MCPS Graduates Outscore State, Nation on SAT

September 3, 2015

Scores decline overall; College readiness indicators increase for African American, Hispanic students

The Montgomery County Public Schools (MCPS) Class of 2015 earned an average combined score of 1629 on the SAT, a 21-point decline from last year’s results. The state of Maryland and the nation saw a drop in overall SAT scores, as well.

Despite the decline, MCPS graduates scored 167 points higher than their peers across the state of Maryland (1462) and 139 points higher than graduates across the nation (1490). Since 2011, the average SAT score for MCPS graduates has fallen by 8 points, while scores across the state and the nation have fallen by 30 points and 10 points, respectively.

“Many of our students are scoring at a high level on the SAT and are demonstrating a readiness for college-level work,” said Larry A. Bowers, interim superintendent for MCPS. “However, we need to study this data to better understand why we saw a decline in performance this year and determine how we can better prepare all our students for success after high school.”

The SAT college entrance examination includes three sections—critical reading, mathematics, and writing—each of which is worth a maximum of 800 points. The average score for the MCPS Class of 2015 was a 542 on the critical reading section (down 5 points from 2014); 554 on the mathematics portion (down 6 points); and 533 on the writing portion (down 9 points).

“The Montgomery County Board of Education and I have made improving literacy and mathematics performance a strategic priority this year,” Mr. Bowers said. “The SAT results bolster our sense of urgency to do this important work.”  

SAT participation fell for the MCPS Class of 2015, with 67.8 percent of graduates taking the college entrance exam at least once, down from 69.1 percent in 2014. Since 2011, the SAT participation rate has fallen nearly 3 percentage points in MCPS, from 70.6 percent to 67.8 percent. At the same time, participation and performance on the ACT is growing.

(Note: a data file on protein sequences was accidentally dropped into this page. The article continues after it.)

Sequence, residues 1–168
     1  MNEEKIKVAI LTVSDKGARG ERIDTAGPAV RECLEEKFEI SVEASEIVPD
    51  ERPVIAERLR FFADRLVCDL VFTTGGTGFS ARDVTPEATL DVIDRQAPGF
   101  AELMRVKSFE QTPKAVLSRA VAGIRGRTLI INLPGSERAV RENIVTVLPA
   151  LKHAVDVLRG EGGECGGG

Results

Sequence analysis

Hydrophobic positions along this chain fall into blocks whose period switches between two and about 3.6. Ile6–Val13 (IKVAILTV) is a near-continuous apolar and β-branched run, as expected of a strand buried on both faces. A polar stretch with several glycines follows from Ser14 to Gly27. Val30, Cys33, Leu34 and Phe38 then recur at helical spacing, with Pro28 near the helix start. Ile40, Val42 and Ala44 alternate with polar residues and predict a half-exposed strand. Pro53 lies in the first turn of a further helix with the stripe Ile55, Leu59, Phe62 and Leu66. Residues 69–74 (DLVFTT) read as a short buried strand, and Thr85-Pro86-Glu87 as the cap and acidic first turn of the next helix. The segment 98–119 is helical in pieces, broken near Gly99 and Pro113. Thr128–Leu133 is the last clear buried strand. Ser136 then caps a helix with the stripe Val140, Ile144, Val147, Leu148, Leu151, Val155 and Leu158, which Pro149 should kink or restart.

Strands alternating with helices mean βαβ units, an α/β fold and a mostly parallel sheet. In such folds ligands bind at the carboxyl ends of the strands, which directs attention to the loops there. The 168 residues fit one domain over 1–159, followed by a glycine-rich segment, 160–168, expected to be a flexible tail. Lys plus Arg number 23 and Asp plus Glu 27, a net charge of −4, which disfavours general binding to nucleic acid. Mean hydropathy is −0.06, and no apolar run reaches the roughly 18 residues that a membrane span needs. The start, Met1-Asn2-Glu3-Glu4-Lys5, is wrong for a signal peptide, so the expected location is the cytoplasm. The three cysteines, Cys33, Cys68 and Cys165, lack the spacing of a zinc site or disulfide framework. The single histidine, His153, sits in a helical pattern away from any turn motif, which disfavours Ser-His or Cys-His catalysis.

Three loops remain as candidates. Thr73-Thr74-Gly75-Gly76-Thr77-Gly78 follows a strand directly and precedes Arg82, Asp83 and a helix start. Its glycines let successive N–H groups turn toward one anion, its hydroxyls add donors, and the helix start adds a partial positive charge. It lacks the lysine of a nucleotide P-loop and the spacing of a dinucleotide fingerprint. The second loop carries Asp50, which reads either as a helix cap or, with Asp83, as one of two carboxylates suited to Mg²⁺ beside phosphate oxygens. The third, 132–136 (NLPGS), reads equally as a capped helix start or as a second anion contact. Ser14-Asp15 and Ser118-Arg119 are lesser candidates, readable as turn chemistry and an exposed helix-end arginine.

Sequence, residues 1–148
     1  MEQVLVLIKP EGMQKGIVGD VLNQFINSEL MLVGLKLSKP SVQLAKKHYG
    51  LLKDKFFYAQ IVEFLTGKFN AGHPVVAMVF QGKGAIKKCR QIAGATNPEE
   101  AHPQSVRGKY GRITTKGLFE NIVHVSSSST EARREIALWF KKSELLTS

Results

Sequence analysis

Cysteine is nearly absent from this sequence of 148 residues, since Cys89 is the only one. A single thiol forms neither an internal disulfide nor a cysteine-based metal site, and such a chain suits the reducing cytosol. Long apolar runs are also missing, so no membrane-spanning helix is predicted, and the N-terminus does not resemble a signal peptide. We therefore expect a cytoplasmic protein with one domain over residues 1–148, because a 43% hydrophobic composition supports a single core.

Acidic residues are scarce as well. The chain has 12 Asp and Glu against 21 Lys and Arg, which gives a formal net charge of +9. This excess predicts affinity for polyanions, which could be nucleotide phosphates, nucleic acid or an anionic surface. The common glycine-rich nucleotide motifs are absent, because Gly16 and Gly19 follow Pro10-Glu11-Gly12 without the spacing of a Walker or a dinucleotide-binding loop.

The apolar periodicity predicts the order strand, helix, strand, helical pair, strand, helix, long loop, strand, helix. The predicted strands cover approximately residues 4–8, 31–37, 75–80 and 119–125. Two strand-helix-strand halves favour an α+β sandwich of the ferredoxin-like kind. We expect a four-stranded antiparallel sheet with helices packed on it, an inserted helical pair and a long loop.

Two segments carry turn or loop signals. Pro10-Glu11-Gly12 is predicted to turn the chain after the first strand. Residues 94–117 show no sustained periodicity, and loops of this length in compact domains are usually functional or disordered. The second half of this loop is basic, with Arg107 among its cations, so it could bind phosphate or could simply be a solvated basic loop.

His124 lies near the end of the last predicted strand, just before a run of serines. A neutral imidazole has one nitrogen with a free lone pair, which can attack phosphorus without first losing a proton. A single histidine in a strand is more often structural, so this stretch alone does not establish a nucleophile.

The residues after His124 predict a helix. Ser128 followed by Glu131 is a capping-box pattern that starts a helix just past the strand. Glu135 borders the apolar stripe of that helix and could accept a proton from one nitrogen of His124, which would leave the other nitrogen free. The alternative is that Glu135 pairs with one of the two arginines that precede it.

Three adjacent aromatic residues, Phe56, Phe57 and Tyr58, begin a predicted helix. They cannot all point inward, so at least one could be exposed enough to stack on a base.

According to ACT data released last week, 34 percent of the MCPS Class of 2015 took the ACT—up from 30 percent the year before. The average composite ACT score for MCPS rose to 23.9 (out of 36). Among the MCPS Class of 2015, 43.4 percent of graduates took only the SAT, which is more than 4 percentage points lower than the previous year (47.8 percent).

The percentage of MCPS graduates who reached the district’s college readiness benchmarks (1650 on the SAT or 24 on the ACT) was 52.7 percent, which is practically unchanged from the previous year (53.1 percent).  

Among African American MCPS graduates in the Class of 2015, participation on the SAT rose 3 percentage points, to 65.7 percent. African American MCPS graduates scored 1396 on the SAT, down 7 points from 2014, but significantly higher than their peers across the state (1254) and the nation (1277). Among African American graduates, 21.9 percent met the college readiness benchmarks on the SAT or ACT, an increase of 2.5 percentage points from the previous year.

Among Hispanic MCPS 2015 graduates, SAT participation fell by 1 percentage point and the average combined score was unchanged, at 1461. Statewide, scores for Hispanic graduates fell by 15 points to 1359 and across the nation, scores fell by 9 points to 1344. The percentage of Hispanic MCPS graduates who met college readiness benchmarks on the SAT or ACT was 28.1 percent, an increase of 1.5 percentage points.

The College Board is making significant changes to the SAT, which go into effect this spring and will change the way the test is taken and scored. More about these changes can be found on the College Board website.

MEMO: SAT Participation and Performance for MCPS Class of 2015

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